Tag Archives: movie review

SIX CHARACTERISTICS TO APPLAUD: THE MOCKINGJAY- PART II

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The Hunger Games: Mockingjay – Part 2
Rating: PG-13
Genre: Drama, Action/Adventure, Fantasy
Directed By: Frances Lawrence
Written By: Danny Strong, Suzanne Collins, Peter Craig
Starring: Jennifer Lawrence, Josh Hutcherson, Liam Hemsworth, Woody Harrelson, Donald Sutherland, Philip Seymour Hoffman, and Julianne Moore
Runtime: 137 minutes

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1. Costume Design
2. Special Effects
3. Jennifer Lawrence is amazing in her leading role.
4. The romance between Peeta and Katniss continues and the triangle with Gale is resolved.
5. A Satisfying conclusion to the tale with a beautiful epilogue.
6. Strong themes that resonate in current culture.

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This final movie in the series (books and films) is an important wrap-up to what is arguably the defining series of our time. The story delivers a heft and a cohesiveness that is unusual in the action/adventure genre. All actors give strong performances. Jennifer Lawrence is, if possible, even better here than before. It is not surprise that she gravitates to other strong women. It is most exciting to see the actress Patina Miller speak to masses of people of every gender and color with power and persuasion.

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The images and the artistry as well as the characters will live on in the viewers’ memories in a good way for a long time. This movie seems to set the standard for excellence in a series.

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MOVIE SEASON: AWARDS, REVIEWS, POPCORN, WHICH ONE TO SEE NEXT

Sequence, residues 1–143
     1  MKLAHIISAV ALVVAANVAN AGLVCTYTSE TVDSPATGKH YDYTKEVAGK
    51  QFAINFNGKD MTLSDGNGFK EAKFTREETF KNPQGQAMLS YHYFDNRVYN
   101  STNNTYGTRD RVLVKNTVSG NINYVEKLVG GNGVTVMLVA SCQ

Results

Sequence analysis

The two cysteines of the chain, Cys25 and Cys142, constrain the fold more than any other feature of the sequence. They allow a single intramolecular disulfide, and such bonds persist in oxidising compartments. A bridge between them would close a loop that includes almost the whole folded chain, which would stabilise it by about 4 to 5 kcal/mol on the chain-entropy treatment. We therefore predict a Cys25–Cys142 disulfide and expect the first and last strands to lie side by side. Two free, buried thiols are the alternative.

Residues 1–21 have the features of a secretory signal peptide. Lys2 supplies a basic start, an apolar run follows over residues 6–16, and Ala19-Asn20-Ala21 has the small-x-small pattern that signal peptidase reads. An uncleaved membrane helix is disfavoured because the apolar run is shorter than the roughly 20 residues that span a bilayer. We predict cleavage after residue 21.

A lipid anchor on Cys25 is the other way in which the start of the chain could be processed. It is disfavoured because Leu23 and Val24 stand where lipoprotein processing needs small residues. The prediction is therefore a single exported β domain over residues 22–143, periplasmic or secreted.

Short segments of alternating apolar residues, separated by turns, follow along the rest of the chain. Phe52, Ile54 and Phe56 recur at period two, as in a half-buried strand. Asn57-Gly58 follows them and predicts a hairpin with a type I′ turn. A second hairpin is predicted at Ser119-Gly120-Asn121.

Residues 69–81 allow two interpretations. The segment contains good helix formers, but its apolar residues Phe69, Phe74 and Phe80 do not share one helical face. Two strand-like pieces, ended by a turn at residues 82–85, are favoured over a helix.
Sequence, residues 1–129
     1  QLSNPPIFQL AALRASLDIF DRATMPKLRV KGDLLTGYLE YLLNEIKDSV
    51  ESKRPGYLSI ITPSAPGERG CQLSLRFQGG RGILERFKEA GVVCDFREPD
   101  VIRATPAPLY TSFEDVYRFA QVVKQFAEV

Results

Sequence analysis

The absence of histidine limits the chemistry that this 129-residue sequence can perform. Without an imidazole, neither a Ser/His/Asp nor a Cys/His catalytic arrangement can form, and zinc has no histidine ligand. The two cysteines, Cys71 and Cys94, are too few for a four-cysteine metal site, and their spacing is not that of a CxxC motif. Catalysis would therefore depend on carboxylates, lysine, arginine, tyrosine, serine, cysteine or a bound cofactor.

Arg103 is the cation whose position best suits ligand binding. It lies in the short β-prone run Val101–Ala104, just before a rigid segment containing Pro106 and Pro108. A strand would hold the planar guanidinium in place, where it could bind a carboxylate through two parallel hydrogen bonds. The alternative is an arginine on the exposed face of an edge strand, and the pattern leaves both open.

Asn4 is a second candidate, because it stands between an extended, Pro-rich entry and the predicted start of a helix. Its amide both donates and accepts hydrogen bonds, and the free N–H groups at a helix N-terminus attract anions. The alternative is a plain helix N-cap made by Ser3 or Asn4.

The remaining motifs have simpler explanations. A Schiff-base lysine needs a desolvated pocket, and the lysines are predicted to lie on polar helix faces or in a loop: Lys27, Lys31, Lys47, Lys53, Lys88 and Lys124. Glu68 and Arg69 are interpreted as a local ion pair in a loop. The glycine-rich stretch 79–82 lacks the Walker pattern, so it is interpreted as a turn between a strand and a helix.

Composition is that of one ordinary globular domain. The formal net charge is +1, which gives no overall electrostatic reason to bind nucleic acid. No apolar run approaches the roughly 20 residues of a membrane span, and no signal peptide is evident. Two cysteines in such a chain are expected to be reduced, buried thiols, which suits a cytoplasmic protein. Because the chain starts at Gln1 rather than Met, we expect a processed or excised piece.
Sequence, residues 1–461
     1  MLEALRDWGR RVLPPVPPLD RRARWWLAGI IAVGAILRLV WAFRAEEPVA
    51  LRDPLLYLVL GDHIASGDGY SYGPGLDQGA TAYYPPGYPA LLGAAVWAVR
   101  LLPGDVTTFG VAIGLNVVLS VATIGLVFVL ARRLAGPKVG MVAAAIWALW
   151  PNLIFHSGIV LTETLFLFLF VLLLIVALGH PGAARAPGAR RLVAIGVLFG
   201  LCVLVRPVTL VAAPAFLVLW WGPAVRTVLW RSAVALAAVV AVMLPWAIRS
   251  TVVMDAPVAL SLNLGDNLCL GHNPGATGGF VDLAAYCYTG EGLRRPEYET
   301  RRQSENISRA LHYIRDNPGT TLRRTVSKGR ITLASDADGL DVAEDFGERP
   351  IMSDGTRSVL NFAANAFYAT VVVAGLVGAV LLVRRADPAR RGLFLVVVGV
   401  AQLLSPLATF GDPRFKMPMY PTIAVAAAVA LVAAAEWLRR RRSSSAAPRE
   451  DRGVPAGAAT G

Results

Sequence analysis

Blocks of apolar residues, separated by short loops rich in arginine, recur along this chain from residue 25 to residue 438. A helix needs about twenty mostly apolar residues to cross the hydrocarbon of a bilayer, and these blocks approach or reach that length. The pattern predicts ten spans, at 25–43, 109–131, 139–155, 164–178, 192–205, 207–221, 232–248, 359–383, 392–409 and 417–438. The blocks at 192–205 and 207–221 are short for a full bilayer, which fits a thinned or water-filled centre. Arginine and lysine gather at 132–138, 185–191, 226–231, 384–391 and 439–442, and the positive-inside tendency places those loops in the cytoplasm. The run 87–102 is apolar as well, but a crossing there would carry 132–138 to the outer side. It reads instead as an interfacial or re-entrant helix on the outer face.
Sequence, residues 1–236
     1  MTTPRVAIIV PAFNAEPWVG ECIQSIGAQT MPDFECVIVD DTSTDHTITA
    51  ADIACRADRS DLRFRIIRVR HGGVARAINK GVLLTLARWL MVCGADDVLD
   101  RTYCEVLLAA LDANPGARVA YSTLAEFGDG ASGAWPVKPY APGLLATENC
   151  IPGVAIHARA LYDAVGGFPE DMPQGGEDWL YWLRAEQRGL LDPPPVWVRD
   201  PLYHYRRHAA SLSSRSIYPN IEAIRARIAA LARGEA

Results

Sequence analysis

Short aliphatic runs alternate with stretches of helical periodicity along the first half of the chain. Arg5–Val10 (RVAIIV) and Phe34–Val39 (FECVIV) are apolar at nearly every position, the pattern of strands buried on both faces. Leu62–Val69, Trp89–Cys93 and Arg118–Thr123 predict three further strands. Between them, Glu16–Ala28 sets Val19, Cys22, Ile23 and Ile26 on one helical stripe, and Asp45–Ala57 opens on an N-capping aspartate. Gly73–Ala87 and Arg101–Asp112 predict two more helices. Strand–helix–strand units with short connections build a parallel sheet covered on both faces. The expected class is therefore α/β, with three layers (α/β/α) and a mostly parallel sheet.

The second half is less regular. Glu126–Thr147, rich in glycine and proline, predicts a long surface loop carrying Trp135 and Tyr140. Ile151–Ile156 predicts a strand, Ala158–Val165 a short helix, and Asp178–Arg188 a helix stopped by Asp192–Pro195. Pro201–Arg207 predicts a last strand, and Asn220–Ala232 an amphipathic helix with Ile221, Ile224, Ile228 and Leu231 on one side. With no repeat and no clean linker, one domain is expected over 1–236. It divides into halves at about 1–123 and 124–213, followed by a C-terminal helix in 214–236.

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Unbroken
Director: Angelina Jolie
Writers: Joel Coen, Ethan Coen, Richard LaGravenese and William Nicholson
Actors: Jack O’Connell, Takamasa Ishihara, Domhnall Gleeson, Garrett Hedlund
Director of Photography: Roger Deakins
Film Editor: William Goldenberg, Tim Squyres
Awards to date: Critics Choice Award Nominee for Best Picture, Critics Choice Award Nominee for Best Director, Critics Choice Award Nominee for Best Adapted Screenplay, Critics Choice Award Nominee for Best Cinematography,

The opening scenes show airmen flying a bomber over Germany in World War II. These scenes are extraordinary, certainly some of the best of this kind ever filmed. They are riveting in their clarity. One reviewer likened them to the work of Clint Eastwood. As a movie-goer of some experience, I’ve never seen such scenes better executed.

The photography throughout this film is excellent. Every frame is beautiful. Through much of the movie, this viewer was enthralled by the beauty of the shooting and could think of little else.

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The movie is based on the gripping account of the life of Louis Zamperini as told by Laura Hillenbrand in her best-selling non-fiction Unbroken. Louis was a troubled teen who became an Olympic runner and then a bombardier during World War II. Shot down over the Pacific he endured 47 days adrift at sea and later internment in Japanese prison camps.

For moviegoers who have read the book, they know the emotional content of the story. For those viewers who have not read the book, the telling on screen may well seem sterile, uninteresting, cold. There is a certain ho-hum, let’s go through the events, quality to the telling of the story, though the events are horrific. Where is the drama and heightened feeling among the three men trapped on a raft for 47 days after their plane is shot down? What of the relationship between Louis and his older brother, who sees his athletic potential. What of the difficulties of his teen years? What about the grit he showed as he developed as a runner? The deep feelings and emotions of some facets of his story seem to be missing.